There could be no greater tribute to the legacy of Robert B. Carleson than further achievement in gaining paying jobs for welfare recipients. Free Congress Foundation was honored that Bob Carleson for many years was an FCF Senior Fellow.

Paul Weyrich is Chairman and CEO of the Free Congress Foundation. © This column is the property of the Free Congress Foundation and may not be reproduced without their permission. For comments and inquiries, contact Phyllis E. Hughes at pehughes@freecongress.org. Visit our website at FreeCongress.org.


 April 25, 2006:

No one who studies the rise of modern conservatism in the latter half of the 20th century could deny the importance of Robert B. Carleson. His tireless campaign to reform welfare stands not only as one of conservatism's first tests, but also one of its first and everlasting successes. Yet his death Friday at the age of 75 has received scant public attention. This is unfortunate. As many have remarked, without a Bob Carleson there might not have been a President Ronald Reagan.

 In 1970, when Mr. Reagan was entering his second term as governor of California, he turned his attention to welfare reform. The previous decade had seen a depressing and budget-busting addition of 1.6 million people to the relief rolls. The system was costing the state $2.5 billion a year, which at the time was the highest welfare spending in the country. Facing a Democratic legislature, Mr. Reagan's promises of reform did not look good. The larger question was whether anything could be done.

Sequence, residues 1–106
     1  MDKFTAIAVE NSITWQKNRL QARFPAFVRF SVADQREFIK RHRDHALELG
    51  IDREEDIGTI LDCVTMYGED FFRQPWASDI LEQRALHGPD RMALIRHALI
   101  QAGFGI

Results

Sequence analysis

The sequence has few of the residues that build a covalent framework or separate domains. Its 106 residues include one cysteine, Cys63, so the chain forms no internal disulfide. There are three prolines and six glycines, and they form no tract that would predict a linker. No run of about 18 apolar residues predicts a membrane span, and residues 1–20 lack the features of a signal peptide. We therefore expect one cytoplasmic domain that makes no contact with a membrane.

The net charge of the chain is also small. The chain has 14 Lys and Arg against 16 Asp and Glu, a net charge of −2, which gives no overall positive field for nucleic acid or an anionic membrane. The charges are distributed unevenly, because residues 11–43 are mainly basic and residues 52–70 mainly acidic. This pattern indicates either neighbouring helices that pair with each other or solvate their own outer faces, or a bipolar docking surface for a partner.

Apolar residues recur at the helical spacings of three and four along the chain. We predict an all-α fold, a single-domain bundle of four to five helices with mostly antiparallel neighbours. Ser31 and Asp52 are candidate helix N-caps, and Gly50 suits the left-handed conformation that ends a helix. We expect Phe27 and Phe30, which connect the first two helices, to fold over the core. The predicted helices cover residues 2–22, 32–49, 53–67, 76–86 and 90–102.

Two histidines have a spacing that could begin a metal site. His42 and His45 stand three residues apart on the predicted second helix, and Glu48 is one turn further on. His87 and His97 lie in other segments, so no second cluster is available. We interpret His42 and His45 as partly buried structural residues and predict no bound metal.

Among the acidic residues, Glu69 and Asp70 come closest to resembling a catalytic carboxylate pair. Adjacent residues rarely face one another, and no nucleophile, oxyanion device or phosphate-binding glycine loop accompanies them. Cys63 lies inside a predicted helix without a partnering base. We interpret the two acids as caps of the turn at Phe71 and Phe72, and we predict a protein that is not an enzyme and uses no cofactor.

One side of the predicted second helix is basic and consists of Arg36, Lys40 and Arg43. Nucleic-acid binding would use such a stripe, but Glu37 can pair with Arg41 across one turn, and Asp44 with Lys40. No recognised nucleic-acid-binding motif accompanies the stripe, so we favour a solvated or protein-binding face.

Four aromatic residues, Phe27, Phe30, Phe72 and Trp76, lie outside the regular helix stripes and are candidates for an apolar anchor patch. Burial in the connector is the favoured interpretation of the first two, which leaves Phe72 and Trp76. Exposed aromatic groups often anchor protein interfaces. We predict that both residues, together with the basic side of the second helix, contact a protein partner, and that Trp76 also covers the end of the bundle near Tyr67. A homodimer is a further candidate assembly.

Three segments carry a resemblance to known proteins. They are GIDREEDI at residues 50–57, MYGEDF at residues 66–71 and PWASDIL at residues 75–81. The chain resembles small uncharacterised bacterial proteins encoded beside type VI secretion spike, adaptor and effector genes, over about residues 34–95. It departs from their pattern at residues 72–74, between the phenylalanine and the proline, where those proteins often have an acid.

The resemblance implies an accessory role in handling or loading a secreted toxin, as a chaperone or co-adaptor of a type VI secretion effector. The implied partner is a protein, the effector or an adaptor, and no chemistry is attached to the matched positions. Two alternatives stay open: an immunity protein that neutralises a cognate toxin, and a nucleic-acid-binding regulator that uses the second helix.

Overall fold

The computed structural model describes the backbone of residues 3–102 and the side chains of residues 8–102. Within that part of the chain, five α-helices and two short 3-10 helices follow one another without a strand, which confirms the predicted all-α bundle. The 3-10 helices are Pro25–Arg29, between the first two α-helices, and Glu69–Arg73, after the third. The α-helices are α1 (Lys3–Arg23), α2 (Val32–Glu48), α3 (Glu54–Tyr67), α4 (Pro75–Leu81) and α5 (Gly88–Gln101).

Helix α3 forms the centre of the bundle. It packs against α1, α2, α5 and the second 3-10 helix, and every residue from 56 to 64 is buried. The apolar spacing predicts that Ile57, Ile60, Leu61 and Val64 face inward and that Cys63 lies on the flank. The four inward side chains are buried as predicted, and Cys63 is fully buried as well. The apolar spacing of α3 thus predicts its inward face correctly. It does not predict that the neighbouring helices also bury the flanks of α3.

To answer that question, Mr. Reagan looked to Mr. Carleson, whom he appointed director of the welfare department. After a year of studying the crisis, Mr. Carleson handed the governor a plan that would restrict eligibility, clamp down on corruption and increase work incentives. Predictably, his proposals were widely opposed by Democrats, not to mention the Nixon White House, which was working on a nationalized welfare bill based on the same failed liberal policies. Undeterred, Mr. Reagan pushed ahead with the Carleson plan and on Aug. 13, 1971, the Welfare Reform Act became law.